Clark (May 3, 1898 - Dec. 15, 1987) was born in Charleston, South Carolina. She graduated from high school in 1916, but due to financial constraints, she was unable to attend college and began work as a school teacher. Blacks were not permitted to teach in Charleston public schools at this time, so she worked in a rural school district on John's Island, SC. She taught children during the day and adults at night.

As the principal at her school of 132 children, Clark made $35 per week. The white school across the street had only three students and the teacher received $85 per week. Her experience with these inequalities brought Clark into the movement for civil rights. In 1919, she returned to Charleston to teach at a private academy for black children and became involved in the NAACP. Through the organization, she successfully petitioned to grant blacks the right to become principals in Charleston's public schools.

During summers Clark studied at Columbia University and at Atlanta University in Georgia with W. E. B. Du Bois. She received a bachelor's degree from Benedict College and a master's from Hampton University in Virginia. In 1947, Clark returned to Charleston where she taught in the Charleston public schools. In 1956, she obtained the position of vice president of the Charleston NAACP branch. That same year, the South Carolina legislature passed a law banning city or state employees from being involved with civil rights organizations. Clark refused to leave the NAACP and lost her pension after 40 years of employment.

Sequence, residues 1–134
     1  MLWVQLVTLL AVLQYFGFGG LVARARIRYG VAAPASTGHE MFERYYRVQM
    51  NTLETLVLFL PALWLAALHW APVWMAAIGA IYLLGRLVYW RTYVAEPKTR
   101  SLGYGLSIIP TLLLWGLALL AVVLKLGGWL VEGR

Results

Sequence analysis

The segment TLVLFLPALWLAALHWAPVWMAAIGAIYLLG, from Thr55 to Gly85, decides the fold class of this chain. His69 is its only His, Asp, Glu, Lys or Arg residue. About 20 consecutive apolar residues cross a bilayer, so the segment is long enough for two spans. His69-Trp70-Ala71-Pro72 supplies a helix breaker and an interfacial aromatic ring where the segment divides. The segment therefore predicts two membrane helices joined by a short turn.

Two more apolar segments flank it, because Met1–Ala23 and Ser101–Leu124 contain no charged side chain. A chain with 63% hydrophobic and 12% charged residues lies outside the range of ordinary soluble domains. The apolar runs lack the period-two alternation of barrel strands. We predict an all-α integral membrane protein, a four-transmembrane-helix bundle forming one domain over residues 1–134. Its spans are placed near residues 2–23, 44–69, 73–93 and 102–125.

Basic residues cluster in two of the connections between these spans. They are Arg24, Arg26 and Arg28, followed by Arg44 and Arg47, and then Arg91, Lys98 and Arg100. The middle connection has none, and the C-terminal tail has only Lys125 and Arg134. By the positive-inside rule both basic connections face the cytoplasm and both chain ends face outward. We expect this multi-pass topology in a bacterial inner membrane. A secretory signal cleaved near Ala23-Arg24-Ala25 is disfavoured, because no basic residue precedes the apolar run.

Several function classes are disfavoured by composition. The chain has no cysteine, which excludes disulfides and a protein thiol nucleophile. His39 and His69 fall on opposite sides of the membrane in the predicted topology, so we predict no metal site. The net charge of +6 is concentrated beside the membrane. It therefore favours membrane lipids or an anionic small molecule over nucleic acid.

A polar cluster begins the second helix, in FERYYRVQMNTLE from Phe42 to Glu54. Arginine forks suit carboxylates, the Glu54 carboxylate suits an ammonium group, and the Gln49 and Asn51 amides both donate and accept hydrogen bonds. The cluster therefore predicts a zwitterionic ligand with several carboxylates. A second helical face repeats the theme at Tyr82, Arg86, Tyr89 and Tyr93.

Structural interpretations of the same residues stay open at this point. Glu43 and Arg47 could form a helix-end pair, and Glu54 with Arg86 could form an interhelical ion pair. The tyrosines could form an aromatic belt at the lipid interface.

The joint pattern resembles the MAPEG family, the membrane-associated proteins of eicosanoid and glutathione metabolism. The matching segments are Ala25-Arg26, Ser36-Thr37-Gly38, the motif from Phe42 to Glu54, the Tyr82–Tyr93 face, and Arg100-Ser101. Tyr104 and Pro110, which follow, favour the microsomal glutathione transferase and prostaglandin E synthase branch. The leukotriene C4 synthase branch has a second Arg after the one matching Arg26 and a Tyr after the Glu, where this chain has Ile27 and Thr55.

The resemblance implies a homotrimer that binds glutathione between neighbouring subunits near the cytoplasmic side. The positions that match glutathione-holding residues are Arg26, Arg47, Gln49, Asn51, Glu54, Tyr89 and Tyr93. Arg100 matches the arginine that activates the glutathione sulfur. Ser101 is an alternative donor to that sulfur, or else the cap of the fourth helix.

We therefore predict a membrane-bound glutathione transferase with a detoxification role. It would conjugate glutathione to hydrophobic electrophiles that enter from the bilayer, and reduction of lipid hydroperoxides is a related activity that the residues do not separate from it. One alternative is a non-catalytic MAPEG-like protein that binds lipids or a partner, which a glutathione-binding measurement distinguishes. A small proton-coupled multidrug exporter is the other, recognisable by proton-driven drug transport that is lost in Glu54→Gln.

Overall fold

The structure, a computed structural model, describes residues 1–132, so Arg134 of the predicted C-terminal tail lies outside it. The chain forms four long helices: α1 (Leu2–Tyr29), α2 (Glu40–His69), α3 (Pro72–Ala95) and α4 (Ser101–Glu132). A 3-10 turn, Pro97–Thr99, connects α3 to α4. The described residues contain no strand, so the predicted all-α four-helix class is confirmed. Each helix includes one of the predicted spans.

Clark then became active with the Highlander Folk School in Tennessee. She was teaching literacy courses that taught students how to fill out driver's license exams, voter registration forms, and checks. Just months before the launch of the Montgomery Bus Boycott, Rosa Parks participated in one of her workshops. The literacy campaign Clark headed, which taught reading skills to adults throughout the Deep South, transferred to the SCLC in 1961 and became known as "Citizenship Schools." The citizenship school project trained over 10,000 citizenship school teachers. They served as an essential grass-roots base for the civil rights movement. Clark later became the SCLC's director of education and teaching.

In 1976, the governor of South Carolina reinstated Ms. Clark's teacher's pension after declaring that she had been unjustly terminated in 1956. Her work and dedication granted Clark the title the "Grandmother" of the American Civil Rights Movement.


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